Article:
At least, now we know.
If Scotland votes no in 2014, we face years, if not decades of austerity, of scrimping and scraping, of unemployment and under-employment and of cuts to public services. No matter who wins the UK election in 2015, Conservative or Labour, we’re going to keep the current spending limits and aim to pay down the debt. Westminster fiddles while we all burn.
For months, people have been clamouring for information in our constitutional debate and for certainty about what the future holds. And if this kind of certainty isn’t a potential game-changer in the independence referendum campaign, I’m not sure what is.
For this isn’t exactly what folk had in mind. The question being put by the undecideds and doubters has invariably been directed at the yes campaign; tell us what independence feels, smells and tastes like to help us make up our minds. The challenge for Yes Scotland and the Scottish Government is to turn this around, to mess with everyone’s minds if you like and to make the certainty of our economic future a reason to embrace change. It’s not the uncertainty of a future going it alone that should be vexing you, but the certain path being laid out which offers nothing but sackcloth and ashes.
And it’s time to make a mockery of the premise at the heart of the no campaign – that we are Better Together, because patently we are not going to be.
The Chancellor, ahead of the Spending Round statement for 2015-16 he will deliver this coming Wednesday, launched a natty wee video, to explain in simple terms what our current financial predicament means. At least £13 billion of cuts, on top of the £11 billion or so already announced for next year.
It’s not clear what this means for Scotland until the actual budget allocations are announced, but given that we are not one of the Treasury’s ring-fenced budgets, we can hazard a guess that it means less money being handed to us to spend. John Swinney has an article today in Scotland on Sunday which outlines how Westminster is eroding our economic powers:
“Since 1999 Scotland’s freedom to allocate spending on Scotland’s priorities has been curbed, constrained and curtailed by creeping Treasury controls. Scotland’s money has been progressively divided into different pots with restricted uses, without any consultation.”
The argument has validity and should – rightly – spark indignation, particularly when UK budget statements start to interfere with democratic spending decisions already made here in Scotland. As they did, this year.
Moreover, the grievance card has its place in the suit of options available to the Scottish Government in this debate: it’s not been deployed nearly as much as it was in the first SNP Holyrood administration and we can expect it to appear more frequently as we grind towards the vote in September 2014. Good.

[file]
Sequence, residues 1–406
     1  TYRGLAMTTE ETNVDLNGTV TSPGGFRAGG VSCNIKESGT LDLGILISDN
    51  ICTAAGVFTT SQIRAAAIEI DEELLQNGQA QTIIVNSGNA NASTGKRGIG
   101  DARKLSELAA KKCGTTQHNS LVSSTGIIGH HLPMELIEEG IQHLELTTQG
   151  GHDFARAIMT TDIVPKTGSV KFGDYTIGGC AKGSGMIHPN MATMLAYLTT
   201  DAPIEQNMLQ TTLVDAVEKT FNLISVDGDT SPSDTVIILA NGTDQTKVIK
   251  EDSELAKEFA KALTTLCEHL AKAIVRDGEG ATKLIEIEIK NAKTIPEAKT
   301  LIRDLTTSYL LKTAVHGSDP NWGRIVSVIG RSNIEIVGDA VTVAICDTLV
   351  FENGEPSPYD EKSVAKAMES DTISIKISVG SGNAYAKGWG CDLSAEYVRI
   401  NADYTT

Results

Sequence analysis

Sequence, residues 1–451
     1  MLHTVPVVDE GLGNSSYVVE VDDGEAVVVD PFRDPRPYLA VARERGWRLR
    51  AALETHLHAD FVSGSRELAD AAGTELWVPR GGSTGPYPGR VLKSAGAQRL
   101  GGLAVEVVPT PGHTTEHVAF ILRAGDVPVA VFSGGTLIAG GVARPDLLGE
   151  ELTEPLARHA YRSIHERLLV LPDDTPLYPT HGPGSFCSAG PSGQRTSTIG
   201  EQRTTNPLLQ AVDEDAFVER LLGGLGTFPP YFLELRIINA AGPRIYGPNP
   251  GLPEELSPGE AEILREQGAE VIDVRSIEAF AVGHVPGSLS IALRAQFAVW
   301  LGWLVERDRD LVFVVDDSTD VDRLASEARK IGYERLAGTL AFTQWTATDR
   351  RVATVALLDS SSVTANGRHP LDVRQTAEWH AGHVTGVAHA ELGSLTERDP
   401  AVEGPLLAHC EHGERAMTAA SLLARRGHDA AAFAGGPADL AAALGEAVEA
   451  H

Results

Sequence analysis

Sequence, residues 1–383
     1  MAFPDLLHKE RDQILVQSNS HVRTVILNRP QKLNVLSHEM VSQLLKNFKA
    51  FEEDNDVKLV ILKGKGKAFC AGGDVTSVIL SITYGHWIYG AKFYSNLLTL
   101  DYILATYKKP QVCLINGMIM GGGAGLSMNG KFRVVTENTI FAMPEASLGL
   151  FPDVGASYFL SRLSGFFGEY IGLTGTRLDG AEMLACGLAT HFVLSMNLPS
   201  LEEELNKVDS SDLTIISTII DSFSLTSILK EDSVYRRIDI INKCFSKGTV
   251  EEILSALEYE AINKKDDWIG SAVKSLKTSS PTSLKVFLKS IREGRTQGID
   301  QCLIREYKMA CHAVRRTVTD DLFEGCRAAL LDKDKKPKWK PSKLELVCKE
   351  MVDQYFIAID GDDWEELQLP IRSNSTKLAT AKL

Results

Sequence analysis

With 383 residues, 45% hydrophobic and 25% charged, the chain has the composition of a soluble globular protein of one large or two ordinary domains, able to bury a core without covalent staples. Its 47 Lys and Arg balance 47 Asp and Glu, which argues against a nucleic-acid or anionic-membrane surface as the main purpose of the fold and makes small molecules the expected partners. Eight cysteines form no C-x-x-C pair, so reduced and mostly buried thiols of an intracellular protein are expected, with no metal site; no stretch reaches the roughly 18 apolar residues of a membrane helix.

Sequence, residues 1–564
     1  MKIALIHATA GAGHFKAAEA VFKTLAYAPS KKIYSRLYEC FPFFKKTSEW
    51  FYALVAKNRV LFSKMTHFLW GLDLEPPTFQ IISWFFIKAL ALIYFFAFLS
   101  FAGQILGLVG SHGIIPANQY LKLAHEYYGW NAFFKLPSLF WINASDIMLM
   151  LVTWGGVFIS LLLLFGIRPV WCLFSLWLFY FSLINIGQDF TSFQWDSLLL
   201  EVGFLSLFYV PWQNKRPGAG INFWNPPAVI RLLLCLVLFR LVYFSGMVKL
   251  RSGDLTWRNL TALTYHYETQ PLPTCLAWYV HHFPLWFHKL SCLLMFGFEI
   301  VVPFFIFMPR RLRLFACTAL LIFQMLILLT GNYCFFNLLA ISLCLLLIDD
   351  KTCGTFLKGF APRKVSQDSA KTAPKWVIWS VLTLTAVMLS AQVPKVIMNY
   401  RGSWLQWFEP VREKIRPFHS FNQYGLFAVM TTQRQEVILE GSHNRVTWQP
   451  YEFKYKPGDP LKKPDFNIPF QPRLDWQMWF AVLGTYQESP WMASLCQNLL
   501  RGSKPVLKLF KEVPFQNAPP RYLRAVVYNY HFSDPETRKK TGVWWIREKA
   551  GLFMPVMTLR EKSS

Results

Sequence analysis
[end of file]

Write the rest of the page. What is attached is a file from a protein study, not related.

But we need to start conducting this debate in a language that people can understand, which makes sense to their sense of everyday and which makes it patently clear what certainty means. The Scottish Government needs to start showing us the money.
Thus, the response needs to be both political and micro-economic. The Scottish Government needs to spell out what this democratic deficit means, that every year that the Tories ring fence spending for schools south of the border makes it harder for us to do the same up here. And to start setting out starkly what it means when the Chancellor puts austerity before growth in his economic strategy. We might all nod blithely along when our Cabinet Secretary for Finance rails against this, but in truth we haven’t a clue what it means.
So tell us. Get us a natty wee cartoon which shows what the cuts to the Scottish budget actually look like. In terms of leaky roofs in schools, closed libraries, disappearing jobs, broken swings, potholes in pavements and roads. And spell it out in terms of household finances. Because cuts in spending mean increased bus fares to get to work or to go to the shops.
It means parents being expected to dig deeper for fundraising activity by schools. It means your granny having to dig into her meagre pension to pay more for her emergency call service and meals on wheels. It means your child losing their free swimming session on a Saturday. And it means your wee cousin leaving university with a decent degree and having no job to go to.
Sure, Scotland already controls most of these policy areas but it really doesn’t matter what we want to provide for our people if we don’t have any money to pay for it. And that’s what voting no in 2014 will deliver. You might want to live in a country that does all of this and more, but you can only have a chance of doing so in your lifetime by voting yes.
Vote no in 2014 and you get Tory or Labour cuts in 2015. Vote no in 2014 and you and your family can look forward to years of doing without. Vote no in 2014 for a dismal future and for our children – your children – to have little to look forward to.
And while we can’t say definitely what voting yes will result in – that will be for us to decide in the first elections after independence – we can assure you of one thing, with absolute certainty and clarity.
That Scotland’s future can be different. And if you want even the possibility of a different future, that doesn’t involve your family being force fed a diet of austerity by either the Tories or Labour, then vote yes.